United States District Court, M.D. Alabama, Northern Division
OPINION AND ORDER
H. THOMPSON UNITED STATES DISTRICT JUDGE
the court are plaintiff James McDowell's (1) motion to
stay execution of costs of judgment and (2) second motion to
proceed in forma pauperis (IFP), along with
defendant Massey Auto's (3) motion to strike
McDowell's updated affidavit in support of his motions.
After a careful review of the record, the court has
determined that all three motions should be denied.
beginning of this case, the magistrate judge denied
McDowell's affidavit-supported motion to proceed IFP.
McDowell did not seek review by the district judge. Later,
after a jury returned a verdict for Massey Auto in this
age-discrimination case, costs were taxed against McDowell.
McDowell appealed to the Eleventh Circuit Court of Appeals,
and filed the motion to stay the execution of costs of the
judgment pending appeal.
better understand McDowell's current financial condition,
the court ordered him to file an updated financial-status
affidavit. He proceeded to file a second IFP motion with a
financial-status affidavit identical to the one he filed at
the beginning of the case. He later filed an updated
financial-status affidavit, albeit after the deadline imposed
by the court. Massey Auto responded with the motion to strike
the undated affidavit as untimely; it further argued that,
even if the court considers the affidavit, McDowell's
stay and second IFP motions should be denied because the
record fails to demonstrate that he is incapable of affording
all costs and expenses incident to his appeal.
motion to stay and second IFP motion are due to be denied for
several reasons. First, the updated financial-status
affidavit remains incomplete. For example, when listing his
monthly income, he included $ 2, 000 of “other”
income. IFP Mot. (doc. no. 134), at 2. The form prompts the
filer to “specify” the source of that income, but
McDowell did not do so. Id. Similarly, he lists $ 8,
125 worth of monthly expenses “for operation of
business, profession, or farm.” Id. at 5.
Again, the filer is prompted to “attach [a] detailed
statement” of those expenses, and again McDowell failed
to do so. Id.
denying the first IFP motion, the magistrate judge noted that
McDowell's expenses “str[uck] the court as
exaggerated.” M.J. Order (doc. no. 6), at 2. In the
second IFP motion with updated affidavit, his expenses have
nevertheless risen even higher--from $ 4, 795 to $ 12, 975.
Much of this increase is due to the addition of $ 8, 125 in
unspecified business expenses. Not including these expenses,
his expenses are very similar to those expenses that the
magistrate judge previously found to be exaggerated--$ 4,
McDowell's increased listed expenses are not exaggerated,
other evidence in the record, including that adduced at
trial, fails to reflect that he is without sufficient funds
at his disposal to fund this litigation. See Durrett v.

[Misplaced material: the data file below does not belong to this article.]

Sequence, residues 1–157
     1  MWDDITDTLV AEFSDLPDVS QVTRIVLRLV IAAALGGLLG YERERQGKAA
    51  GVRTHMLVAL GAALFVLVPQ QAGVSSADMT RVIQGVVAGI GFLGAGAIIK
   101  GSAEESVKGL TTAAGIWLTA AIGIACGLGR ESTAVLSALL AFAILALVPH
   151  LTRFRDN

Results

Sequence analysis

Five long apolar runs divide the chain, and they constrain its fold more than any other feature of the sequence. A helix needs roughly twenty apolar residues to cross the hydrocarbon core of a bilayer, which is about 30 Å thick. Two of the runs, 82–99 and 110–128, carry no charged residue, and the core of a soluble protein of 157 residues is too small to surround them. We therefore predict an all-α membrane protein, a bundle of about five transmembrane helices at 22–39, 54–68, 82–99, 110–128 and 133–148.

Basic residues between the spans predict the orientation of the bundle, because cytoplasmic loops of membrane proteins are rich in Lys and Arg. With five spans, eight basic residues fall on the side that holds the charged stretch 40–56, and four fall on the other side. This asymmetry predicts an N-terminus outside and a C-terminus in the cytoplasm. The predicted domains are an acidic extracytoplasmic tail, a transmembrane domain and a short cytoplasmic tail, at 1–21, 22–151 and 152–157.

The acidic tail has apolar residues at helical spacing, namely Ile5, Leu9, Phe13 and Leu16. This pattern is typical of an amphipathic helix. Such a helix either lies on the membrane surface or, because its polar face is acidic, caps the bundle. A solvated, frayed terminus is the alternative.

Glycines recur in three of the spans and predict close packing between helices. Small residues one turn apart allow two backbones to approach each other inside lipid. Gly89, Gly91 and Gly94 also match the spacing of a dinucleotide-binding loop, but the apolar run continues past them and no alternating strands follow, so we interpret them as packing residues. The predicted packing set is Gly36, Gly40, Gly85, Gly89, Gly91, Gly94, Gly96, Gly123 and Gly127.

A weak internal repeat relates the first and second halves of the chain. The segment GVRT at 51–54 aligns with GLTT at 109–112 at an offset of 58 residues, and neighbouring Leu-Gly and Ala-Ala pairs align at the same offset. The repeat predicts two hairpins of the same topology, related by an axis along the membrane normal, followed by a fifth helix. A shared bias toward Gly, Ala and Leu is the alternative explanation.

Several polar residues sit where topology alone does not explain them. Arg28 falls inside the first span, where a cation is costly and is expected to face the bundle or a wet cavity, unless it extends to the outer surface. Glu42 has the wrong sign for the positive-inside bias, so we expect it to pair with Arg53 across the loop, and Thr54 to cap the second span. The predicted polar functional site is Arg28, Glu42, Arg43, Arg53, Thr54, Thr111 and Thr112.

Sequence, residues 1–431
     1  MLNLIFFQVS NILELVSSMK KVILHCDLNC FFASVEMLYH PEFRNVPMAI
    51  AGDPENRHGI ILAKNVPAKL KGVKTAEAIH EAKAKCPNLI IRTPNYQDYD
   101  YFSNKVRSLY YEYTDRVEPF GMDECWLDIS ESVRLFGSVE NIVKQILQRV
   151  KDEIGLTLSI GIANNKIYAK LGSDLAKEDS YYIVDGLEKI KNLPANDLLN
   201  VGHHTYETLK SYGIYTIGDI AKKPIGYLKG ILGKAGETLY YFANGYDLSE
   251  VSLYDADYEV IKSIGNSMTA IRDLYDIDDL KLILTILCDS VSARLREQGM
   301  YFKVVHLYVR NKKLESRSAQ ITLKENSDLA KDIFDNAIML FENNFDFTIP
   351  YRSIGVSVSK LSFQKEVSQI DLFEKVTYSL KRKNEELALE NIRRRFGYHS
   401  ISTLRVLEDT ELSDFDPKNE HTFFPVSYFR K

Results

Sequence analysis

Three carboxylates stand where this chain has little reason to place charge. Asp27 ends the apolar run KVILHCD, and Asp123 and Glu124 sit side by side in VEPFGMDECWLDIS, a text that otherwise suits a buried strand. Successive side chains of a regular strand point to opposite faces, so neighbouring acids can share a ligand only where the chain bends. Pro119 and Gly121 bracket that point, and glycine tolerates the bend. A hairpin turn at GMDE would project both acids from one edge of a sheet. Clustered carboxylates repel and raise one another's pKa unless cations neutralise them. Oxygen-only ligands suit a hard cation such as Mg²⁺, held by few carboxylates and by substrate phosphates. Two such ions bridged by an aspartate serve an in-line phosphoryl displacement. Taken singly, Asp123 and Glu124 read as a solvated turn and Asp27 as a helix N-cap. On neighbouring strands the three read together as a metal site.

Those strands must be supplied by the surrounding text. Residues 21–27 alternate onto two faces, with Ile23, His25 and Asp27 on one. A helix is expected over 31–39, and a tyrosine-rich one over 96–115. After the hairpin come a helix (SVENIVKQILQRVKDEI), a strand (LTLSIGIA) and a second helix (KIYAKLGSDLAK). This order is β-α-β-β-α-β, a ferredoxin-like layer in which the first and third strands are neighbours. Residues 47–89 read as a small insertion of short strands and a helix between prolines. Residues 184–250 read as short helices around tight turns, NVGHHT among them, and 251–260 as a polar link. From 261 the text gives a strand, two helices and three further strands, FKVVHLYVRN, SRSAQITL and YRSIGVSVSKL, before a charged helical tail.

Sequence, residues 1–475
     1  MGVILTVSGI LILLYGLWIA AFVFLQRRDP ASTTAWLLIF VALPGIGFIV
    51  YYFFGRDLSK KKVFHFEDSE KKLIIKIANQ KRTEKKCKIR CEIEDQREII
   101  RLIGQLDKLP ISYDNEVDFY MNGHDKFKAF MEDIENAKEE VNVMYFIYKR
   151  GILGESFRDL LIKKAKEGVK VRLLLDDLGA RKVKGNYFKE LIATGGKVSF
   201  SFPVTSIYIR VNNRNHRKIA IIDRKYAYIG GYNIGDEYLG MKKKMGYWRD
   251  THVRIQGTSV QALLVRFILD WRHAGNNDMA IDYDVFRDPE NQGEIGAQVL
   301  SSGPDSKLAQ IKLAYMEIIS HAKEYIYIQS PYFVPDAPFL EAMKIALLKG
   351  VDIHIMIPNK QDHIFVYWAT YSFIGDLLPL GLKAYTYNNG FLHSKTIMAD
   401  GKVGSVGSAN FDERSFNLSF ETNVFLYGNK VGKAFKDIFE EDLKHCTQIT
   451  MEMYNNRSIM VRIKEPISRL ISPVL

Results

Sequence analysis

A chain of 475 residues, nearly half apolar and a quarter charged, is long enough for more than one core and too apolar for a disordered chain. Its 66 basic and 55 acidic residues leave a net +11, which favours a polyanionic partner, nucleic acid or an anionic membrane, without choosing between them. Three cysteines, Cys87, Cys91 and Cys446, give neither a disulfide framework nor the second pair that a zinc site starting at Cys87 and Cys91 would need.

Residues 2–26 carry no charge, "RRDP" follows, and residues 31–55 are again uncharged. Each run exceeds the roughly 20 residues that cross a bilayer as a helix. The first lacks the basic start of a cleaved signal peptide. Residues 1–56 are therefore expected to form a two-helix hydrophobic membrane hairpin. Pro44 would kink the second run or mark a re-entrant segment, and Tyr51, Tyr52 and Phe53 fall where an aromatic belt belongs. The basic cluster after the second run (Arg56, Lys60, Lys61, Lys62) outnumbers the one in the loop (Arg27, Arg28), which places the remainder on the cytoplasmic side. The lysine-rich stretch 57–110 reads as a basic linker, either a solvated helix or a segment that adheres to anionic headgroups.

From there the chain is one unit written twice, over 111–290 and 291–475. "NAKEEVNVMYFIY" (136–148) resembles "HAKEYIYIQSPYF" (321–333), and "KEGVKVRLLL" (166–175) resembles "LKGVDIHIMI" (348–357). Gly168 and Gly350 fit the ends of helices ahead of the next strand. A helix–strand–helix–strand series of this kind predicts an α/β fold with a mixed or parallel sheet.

Jenkins Brickyard, Inc., 678 F.2d 911, 917 (11th Cir.
1982) (noting that “the court may look beyond the ...
application ... to determine his financial condition”).
At trial, McDowell expressed that he had not taken a job
because he did not need the money, see Trial Tr.
(doc. no. 119), at 36, and he admitted to paying personal
bills from his corporate account. Id. at 38. A court
may find IFP status appropriate if “the litigant,
because of his poverty, is unable to pay for the court fees
and costs, and to support and provide necessities for himself
and his dependents. ... [T]he statute is not to be construed
such that potential litigants are forced to become public
charges or abandon their claims because of the filing fee
requirements.” Martinez v. Kristi Kleaners,
Inc., 364 F.3d 1305, 1307 (11th Cir. 2004). The litigant
need not be “absolutely destitute.” Id.
McDowell has not convinced the court that he lacks the
financial resources to warrant IFP status in this case.
See Id. McDowell's second IFP motion lacks
McDowell has not met his burden of demonstrating the need to
depart from the usual requirement that the party seeking a
stay post a supersedeas bond in accordance with Federal Rule
of Civil Procedure 62. See Poplar Grove Planting &
Ref. Co. v. Bache Halsey Stuart, Inc., 600 F.2d 1189,
1191 (5th Cir. 1979) (“If a court chooses to depart
from the usual requirement of a full security supersedeas
bond to suspend the operation of an unconditional money
judgment, it should place the burden on the moving party to
objectively demonstrate the reasons for such a
departure.”) .[*] McDowell moved under subpart (g) of
Rule 62--a provision that applies to Courts of Appeal--for
this court to stay the execution of the costs of judgment.
The proper procedure to achieve such a stay is through
subpart (d) of Rule 62, which normally requires a supersedeas
bond, though the Eleventh Circuit has clarified that such a
bond “may be waived in a court's discretion.”
United States v. Certain Real & Pers. Prop. Belonging
to Hayes, 943 F.2d 1292, 1296 (11th Cir. 1991).
the court recognizes that it has the discretion to furnish an
alternative to the bond requirement, [McDowell has] not
provided any evidence that [he] will be better able to pay
costs in the future, ” Blevins v. Heilig-Meyers
Corp., 184 F.R.D. 663, 670 (M.D. Ala. 1999) (Thompson,
J.), or, for the above reasons, that he is currently without
the resources to afford a supersedeas bond. Thus, the court
will deny his motion for a stay.
because the court will deny both of McDowell's motions on
the merits, Massey Auto's motion to strike will be denied
it is ORDERED that:
Plaintiff James McDowell's motion to stay execution of
costs of judgment (doc. no. 113) is denied.
Plaintiff McDowell's application to proceed in forma